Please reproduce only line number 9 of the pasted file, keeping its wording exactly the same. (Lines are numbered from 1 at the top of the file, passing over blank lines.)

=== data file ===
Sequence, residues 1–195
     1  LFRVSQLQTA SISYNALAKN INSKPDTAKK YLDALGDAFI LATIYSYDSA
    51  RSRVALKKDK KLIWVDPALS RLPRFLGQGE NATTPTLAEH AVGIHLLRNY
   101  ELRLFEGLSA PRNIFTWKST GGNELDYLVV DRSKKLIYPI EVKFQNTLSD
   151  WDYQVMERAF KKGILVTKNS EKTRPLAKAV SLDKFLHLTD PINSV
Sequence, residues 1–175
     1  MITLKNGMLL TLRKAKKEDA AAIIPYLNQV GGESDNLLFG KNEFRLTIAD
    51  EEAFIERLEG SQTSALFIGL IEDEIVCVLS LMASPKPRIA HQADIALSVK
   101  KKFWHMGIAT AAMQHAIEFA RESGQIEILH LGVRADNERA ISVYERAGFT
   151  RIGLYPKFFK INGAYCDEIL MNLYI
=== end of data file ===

   101  KKFWHMGIAT AAMQHAIEFA RESGQIEILH LGVRADNERA ISVYERAGFT